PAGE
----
A horse sanctuary was reduced to ashes in a California fire, but all 20 horses miraculously survived
via GoFundMe

The wildfires that have ravaged the west coast over the past two months have burned millions of acres, claimed over 30 lives, and forced thousands to live in evacuation shelters.

The fires have also caused unimaginable damage to the area's wildlife.

Critical populations of endangered species and native habitats may take years to recover.

"Some of these places we set aside may be fundamentally impacted by climate change and may not be able to come back," Amy Windrope, deputy director of Washington's Department of Fish and Wildlife," said according to The New York Times. "That's just a reality."


Out of all the death and destruction comes a wonderful story out of Jamul, California, outside of San Diego.

Over twenty years ago, Patty Hyslop started the Hyslop Horse Haven to care for abused and neglected horses. Hyslop sufferers from multiple sclerosis and, at one point, was paralyzed, but she believes her love for horses has helped her condition improve.

The sanctuary also provides horseback riding lessons for children.

On September 5, as the Valley Fire raged through the area, forcing Hyslop to evacuate her ranch, leaving the horses behind.

"It was one of the scariest things that we've ever been through," Hyslop told FOX 5.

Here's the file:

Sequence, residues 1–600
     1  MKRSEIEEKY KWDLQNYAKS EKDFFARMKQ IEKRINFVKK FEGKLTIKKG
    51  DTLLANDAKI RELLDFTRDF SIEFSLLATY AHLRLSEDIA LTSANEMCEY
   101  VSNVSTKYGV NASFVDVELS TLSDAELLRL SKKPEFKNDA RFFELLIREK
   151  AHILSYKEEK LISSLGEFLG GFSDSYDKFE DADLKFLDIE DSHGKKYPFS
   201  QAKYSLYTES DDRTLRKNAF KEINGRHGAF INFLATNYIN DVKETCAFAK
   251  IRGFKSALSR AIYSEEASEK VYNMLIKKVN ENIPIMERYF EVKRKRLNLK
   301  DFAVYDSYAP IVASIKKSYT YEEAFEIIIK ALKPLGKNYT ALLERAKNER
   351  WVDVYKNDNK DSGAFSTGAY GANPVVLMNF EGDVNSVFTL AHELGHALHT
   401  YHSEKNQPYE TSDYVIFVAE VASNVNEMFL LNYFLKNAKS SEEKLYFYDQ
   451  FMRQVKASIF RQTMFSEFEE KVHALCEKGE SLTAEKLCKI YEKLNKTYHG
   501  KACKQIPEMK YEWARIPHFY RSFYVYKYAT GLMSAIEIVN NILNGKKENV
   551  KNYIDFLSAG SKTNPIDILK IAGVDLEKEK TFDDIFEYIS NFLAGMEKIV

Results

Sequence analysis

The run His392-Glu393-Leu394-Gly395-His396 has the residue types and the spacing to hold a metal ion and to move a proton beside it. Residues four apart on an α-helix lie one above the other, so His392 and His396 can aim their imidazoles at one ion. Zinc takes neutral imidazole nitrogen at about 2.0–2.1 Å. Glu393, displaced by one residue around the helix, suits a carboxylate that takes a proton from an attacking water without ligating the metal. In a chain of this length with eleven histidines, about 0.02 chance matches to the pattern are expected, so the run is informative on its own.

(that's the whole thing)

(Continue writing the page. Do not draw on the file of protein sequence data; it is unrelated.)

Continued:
"When I saw those hundred-foot flames coming at us … I (thought I) was going to come back the next day to dead horses or severely burnt horses. And if they had died, I think I would've died with them. My heart would have just broken," she continued.

via GoFundMe

After the fire made its way through the area, Hyslop returned to her horse haven fearing the worst. But she was shocked to find that all 20 of her horses survived.

Hyslop belives the animals were saved by "horse angels."

Unfortunately, the stable didn't have such luck. The entire sanctuary was reduced to ash and debris. Eight sheds with thousands of dollars worth of medications, tack, and supplies were brunt to the ground. As was Hyslop's golf cart and trailers for the sanctuary's volunteers.

via Fox 5 San Diego

"My shed alone, there was probably $10,000 worth of tack and medications feed everything inside and it's just all gone," said Hope Gilces, Hyslop's niece.

The horses have been transferred to temporary facilities while Hyslop and her team work to get the sanctuary back into order. Even though her sanctuary has suffered a massive setback, she still vows to rescue even more horses, including those impacted by the blaze.

A GoFundMe campaign has been established to help rebuild the sanctuary.

"The ranch is going to be in need of feed, medicine, care equipment, and all items needed for riding lessons (saddles, blankets, tack, etc)," the campaign reads. "They will need to rebuild storage units and replace machinery that didn't survive the fire."

Let's hope Hyslop's horse angels come through again and help her get the funding she needs to continue her important work.

Images courtesy of Mark Storhaug & Kaiya Bates